Tips to Manage Ear Pain During Flights

Tips to Manage Ear Pain During Flights

This handy guide will ensure you know what to do and how to prevent ear discomfort during flights. Bid farewell to blocked ears and ear pain!

Take a moment to recall the last time you took a flight. Did you experience any pain or uncomfortable clogging in your ears? Regardless of whether you are flying first, business or economy, one thing that all air travellers might have in common is ear discomfort. Also known as ear barotrauma, the discomfort can vary from a couple of hours to even a few days! Other than causing frustration, the ear blockage can also dampen your travels as you struggle to listen to your travel companions, business clients or even your driver.

Why does it occur?

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First a little anatomy: you will notice that this discomfort arises when you are preparing for landing. As the aircraft descends, the air pressure inside the aircraft cabin will gradually increase causing the eardrums to be pushed inwards. To counter this, air pressure on the other side of the eardrums (in the inner ear) must also increase. Usually, air is not sucked in fast enough due to the rapid decrease in altitude. This ultimately results in pressure, and later pain.

What’s the remedy?

Instead of waiting for that uncomfortable, blocked feeling to go away on its own, speed up the process by trying these safe and natural methods that will ease the discomfort.

Sucking on candy

Ever thought about the rationale behind cabin crew passing out sweets before take off and landing? Sucking on hard candy or chewing gum encourages you to swallow frequently, which allows the pressure in your ear to balance out by opening the Eustachian tube.

The Valsalva Maneuver

The name sounds really complicated, but it’s very easy to do! Basically just close your mouth, pinch your nose and blow gently. This method helps to equalize the pressure in your Eustachian tubes.

Note: Be careful not to blow too hard as it may cause damage to your eardrums! Do this a few times till you hear a pop, which indicates that your ears are no longer blocked.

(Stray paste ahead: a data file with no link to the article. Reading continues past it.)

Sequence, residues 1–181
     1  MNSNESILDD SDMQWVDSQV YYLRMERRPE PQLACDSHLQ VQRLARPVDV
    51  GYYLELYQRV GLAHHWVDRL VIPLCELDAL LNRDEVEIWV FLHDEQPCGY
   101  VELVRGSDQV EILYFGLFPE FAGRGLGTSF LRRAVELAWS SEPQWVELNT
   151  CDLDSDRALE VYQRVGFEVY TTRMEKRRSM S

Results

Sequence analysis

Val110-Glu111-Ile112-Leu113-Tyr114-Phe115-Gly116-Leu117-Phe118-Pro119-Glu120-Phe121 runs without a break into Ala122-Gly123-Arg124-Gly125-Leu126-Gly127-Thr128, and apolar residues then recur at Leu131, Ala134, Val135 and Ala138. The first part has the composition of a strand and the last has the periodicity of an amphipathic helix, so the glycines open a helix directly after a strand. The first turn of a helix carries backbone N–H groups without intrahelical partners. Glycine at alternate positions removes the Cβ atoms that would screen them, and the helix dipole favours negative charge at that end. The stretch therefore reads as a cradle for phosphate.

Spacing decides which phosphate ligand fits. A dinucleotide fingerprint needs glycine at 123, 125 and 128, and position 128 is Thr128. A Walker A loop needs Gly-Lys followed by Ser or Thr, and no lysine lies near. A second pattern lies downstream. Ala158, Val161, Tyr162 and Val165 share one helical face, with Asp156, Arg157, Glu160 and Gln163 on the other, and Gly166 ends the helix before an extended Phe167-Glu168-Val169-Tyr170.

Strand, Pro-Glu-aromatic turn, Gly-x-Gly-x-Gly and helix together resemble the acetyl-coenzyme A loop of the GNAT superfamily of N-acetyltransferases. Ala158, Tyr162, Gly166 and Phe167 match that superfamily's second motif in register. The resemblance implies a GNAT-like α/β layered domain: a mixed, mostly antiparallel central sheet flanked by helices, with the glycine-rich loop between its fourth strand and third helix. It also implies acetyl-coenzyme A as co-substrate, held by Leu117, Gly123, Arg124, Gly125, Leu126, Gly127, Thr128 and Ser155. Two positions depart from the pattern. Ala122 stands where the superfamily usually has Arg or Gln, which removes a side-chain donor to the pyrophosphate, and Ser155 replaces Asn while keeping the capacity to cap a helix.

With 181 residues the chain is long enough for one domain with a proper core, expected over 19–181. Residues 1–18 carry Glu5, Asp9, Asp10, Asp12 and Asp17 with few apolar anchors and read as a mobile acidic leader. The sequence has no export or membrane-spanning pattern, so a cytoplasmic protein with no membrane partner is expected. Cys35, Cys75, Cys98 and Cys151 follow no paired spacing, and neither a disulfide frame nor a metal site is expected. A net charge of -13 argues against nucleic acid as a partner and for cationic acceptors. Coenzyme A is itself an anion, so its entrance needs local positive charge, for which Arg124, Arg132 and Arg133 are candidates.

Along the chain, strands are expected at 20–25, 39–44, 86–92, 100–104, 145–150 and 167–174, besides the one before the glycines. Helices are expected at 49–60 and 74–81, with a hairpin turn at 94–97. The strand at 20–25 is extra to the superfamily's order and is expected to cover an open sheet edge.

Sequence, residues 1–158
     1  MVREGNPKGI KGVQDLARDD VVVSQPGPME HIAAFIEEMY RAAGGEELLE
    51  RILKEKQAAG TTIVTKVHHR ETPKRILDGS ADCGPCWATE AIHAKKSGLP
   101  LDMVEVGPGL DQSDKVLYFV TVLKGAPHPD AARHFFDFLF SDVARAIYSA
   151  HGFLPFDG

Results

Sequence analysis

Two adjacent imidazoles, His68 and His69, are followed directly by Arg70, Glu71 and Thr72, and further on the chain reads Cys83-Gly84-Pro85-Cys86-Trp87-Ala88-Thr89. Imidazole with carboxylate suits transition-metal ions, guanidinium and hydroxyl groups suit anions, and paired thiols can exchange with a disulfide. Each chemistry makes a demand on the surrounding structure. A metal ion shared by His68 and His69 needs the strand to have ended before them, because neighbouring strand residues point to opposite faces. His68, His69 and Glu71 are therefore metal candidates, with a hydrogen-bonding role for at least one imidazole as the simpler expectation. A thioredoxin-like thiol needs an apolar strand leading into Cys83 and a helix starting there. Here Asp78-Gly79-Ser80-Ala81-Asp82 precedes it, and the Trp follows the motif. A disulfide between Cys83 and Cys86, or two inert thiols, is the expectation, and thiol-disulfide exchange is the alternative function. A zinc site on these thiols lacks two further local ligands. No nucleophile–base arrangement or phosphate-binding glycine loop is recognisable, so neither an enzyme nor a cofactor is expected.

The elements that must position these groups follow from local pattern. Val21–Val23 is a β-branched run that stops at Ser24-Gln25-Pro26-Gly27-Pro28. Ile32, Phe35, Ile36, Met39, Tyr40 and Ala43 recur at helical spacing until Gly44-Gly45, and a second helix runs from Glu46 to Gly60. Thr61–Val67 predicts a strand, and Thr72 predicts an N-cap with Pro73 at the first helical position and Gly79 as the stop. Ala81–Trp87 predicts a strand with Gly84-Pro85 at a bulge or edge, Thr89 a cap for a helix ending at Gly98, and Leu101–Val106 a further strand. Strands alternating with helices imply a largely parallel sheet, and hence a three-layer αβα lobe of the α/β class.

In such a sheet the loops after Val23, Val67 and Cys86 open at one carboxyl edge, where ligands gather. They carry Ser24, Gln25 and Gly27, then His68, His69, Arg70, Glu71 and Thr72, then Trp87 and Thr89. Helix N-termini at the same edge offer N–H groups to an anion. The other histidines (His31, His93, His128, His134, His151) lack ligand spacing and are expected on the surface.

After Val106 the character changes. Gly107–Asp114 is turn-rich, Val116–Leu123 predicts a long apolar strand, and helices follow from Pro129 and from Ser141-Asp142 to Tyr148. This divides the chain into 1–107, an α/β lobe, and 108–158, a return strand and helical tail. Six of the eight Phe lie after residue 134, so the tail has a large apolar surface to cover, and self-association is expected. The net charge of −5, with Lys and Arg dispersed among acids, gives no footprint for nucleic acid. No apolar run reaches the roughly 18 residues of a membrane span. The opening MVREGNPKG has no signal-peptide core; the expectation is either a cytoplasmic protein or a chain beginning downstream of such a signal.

The Toynbee Maneuver

The Toynbee Maneuver is very similar to the Valsalva. While pinching your nose, sip on some water and swallow hard. This may also help to relieve the blockage.


Try to yawn as much as you can! Yawning activates the muscles that open the Eustachian tube to allow pressure to balance out.

How can I prevent this?

As the saying goes, prevention is better than cure! Here are some precautions that you can take to avoid that painful episode of plugged ears.

Do not sleep during takeoff or landing

Image credit: Hernán Piñera

Don’t we all have our pet-peeves with early morning and late night flights? Settling in your seat with (much) fewer hours of rest might send you immediately to sleep. However, this might put you at risk of permanent ear damage (yikes)!

Air pressure inside an aircraft cabin changes rapidly during takeoff and landing due to the quick shifts in altitude. It is crucial to stay awake and actively work on opening up and clearing the Eustachian tubes during these two stages of a flight.

Decongestant or nasal spray

If you are having a cold and are due for a flight, taking a prescribed decongestant might be helpful to prevent a painful ear blockage. One such spray, which contains Xylometazoline, is readily available at pharmacies and drugstores. Use the spray/decongestant one to two hours before your flight and also post-flight or as instructed.

It is highly advisable to consult your family doctor or physician (especially those who are pregnant/having pre-existing conditions/on other medications) before using these commercially available medicines.

How about for young children?

Babies and children are more prone to experiencing these ear blockages because their Eustachian tubes are much narrower than that of adults. That probably explains why you always hear children crying especially during takeoff and landing.

Young children are unable to pop their ears on their own, but you can help them by giving them a pacifier or by bottle-feeding them so as to encourage swallowing. Always keep a milk bottle handy and try your best to prevent your child from sleeping during takeoff and landing.

Note: Do not give hard candy to young children as they pose as choking hazards.

From the dry cabin air and frequent leg cramps to the jet lag and blocked ears, flying can really take a toll on our well-being. Do take necessary precautions when you are travelling, and have the medications that you need in hand. Keep these tips and techniques in mind to make your flying experience more comfortable. Remember to take care of your Eustachian tubes, and bon voyage!

About Author

Abdul Asyraf
Abdul Asyraf

Asyraf's favourite word? Wanderlust. He believes in the element of spontaneous travel as he feels the most interesting experiences come with flexibility. He enjoys his late night suppers and you can find him devouring a mutton-cheese murtabak or salted-egg paus.